Concerning the link between stress and GERD, Li et al. (24) and Perlman et al. (25) have demonstrated in their recent studies the strong impact of acute stress such as terroristic attack on World Trade Center on GERD symptoms.

Exposure to a stressful life events may evoke the development of PUD. Ulcer patients are more likely to be divorced, separated or widowed. Despite the fact that Helicobacter pylori (Hp) and nonsteroidal anti-inflammatory drugs (NSAID) are the important causes of PUD, it has been shown that stress exposure may contribute to this disease and may impede the gastric and duodenal defences against the damage induced by an attack from acid and pepsin damage (26). Possible causative factors include: 1) alterations in gastric acid secretion; 2) reduced mucosal blood flow; 3) reduced HCO3- secretion; 4) acid back diffusion; 5) reduced proliferation and restitution of the injured mucosa; 6) alterations in gastric motility. Before the discovery of Hp, stress was considered as one of the most important risk factor for peptic ulceration (27). A special form of ulcerations resulting from intense stress exposure is termed as a stress ulceration, commonly observed in patients in intensive care units (28).

Our own studies demonstrated that stress may profoundly affect the BGA via the modulation of a number of important neuropeptides (like CGRP) involved in the protection of the gastric mucosa, changes in gastric secretion, regeneration of gastric mucosa, and changes in mucosal blood flow (29-30) (Fig. 4).

Fig. 4. Effect of disruption of brain-gut axis on ulcer healing. Exposure to stress and the resulting disturbance of brain-gut axis may have negative effect on ulcer healing including changes in gastric secretion, proliferation rate at the ulcer edge and angiogenesis.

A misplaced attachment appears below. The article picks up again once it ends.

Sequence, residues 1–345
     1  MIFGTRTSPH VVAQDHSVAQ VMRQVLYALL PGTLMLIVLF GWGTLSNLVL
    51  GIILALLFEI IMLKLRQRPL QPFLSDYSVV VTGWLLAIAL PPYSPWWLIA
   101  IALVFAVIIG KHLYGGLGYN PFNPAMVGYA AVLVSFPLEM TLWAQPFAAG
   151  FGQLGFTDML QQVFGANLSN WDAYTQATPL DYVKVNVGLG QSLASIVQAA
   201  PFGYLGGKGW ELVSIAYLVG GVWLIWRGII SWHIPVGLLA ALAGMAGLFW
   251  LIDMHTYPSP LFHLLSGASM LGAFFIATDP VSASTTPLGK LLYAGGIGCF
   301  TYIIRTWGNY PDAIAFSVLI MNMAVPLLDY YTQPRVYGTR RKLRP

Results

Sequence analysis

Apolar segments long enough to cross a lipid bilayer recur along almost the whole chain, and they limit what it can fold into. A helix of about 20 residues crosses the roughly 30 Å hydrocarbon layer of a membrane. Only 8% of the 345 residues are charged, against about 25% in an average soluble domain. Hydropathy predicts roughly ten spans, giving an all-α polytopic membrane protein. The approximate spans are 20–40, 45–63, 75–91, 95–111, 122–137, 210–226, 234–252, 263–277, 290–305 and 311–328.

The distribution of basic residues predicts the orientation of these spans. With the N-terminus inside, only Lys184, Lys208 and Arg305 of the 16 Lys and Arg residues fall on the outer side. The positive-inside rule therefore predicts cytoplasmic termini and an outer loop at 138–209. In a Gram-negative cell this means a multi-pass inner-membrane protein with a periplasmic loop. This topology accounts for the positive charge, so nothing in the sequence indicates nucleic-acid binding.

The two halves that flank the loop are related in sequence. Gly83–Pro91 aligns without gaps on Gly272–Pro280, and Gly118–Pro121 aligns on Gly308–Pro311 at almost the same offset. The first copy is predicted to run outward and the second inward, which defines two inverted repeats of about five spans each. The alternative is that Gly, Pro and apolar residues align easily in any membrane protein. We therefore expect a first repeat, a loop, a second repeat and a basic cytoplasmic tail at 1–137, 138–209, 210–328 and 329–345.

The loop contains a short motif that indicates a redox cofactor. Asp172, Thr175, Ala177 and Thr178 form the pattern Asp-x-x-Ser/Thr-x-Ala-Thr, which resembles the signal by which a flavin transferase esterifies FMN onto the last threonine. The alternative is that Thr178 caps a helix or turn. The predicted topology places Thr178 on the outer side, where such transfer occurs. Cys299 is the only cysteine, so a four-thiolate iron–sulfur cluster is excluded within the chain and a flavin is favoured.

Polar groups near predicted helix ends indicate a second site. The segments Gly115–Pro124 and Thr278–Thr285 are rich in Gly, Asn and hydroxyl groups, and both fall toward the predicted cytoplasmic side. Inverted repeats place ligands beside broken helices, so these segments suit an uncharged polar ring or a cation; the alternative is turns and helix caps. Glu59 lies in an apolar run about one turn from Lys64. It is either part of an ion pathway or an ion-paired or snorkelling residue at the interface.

From a practical point of view, the diagnostic approach to stress-related diseases in the upper GI tract includes non-invasive and invasive techniques (31). Non-invasive techniques consist of 1) routine blood tests (complete blood count, chemistries, thyroid function, stool diagnostic); 2) celiac disease serology (transglutaminase IgA), 13C urease breath test to exclude Hp infection, determination of elastase-1 in stool to exclude exocrine pancreatic insufficiency, H2 breath test with glucose to exclude small intestinal bacterial overgrowth (SIBO), H2 breath testing to rule out carbohydrate malabsorption, abdominal ultrasonography and other imaging methods (MRI), sucrose permeability test to analyze the intestinal barrier function and evaluation of the gut motility with H2 breath test using lactulose. The invasive techniques include upper GI tract endoscopy or intestinal endoscopy (capsule endoscopy, push-and pull enteroscopy).

Therapies of stress-related disorders within the upper GI tract are focused mainly on the inhibition of gastric acid secretion using proton pump inhibitors (PPI), histamine-H2 blockers, etc. In the case of Hp infection, an appropriate eradication should be advocated, because the eradication of Hp may lead in some patients with functional dyspepsia and an improvement of the symptoms (32, 33). Recently, some studies indicate a positive effect of probiotics on stress related pathology in upper GI tract, however the effects need to be further evaluated (34).

Stress is also a known risk factor for the induction and exacerbation of IBD. There is evidence that stress may induce de novo colitis or provokes the exacerbation of colitis (35). However, not all studies support this association, so more large prospective population-based studies are needed to better explore these potential interaction. Additionally, animal models are another line of evidence (36). Numerous studies have demonstrated that stress may aggravate the experimental colitis by increasing oxidative damage (37). Finally, human studies revealed a close association between acute daily stressors and various bowel symptoms (38). The exact mechanisms by which stress exposure may induce or aggravate colitis is not well known, but probably by activation of mast cells, increased release of cells and impairment of the intestinal barrier function (20) (Fig. 5).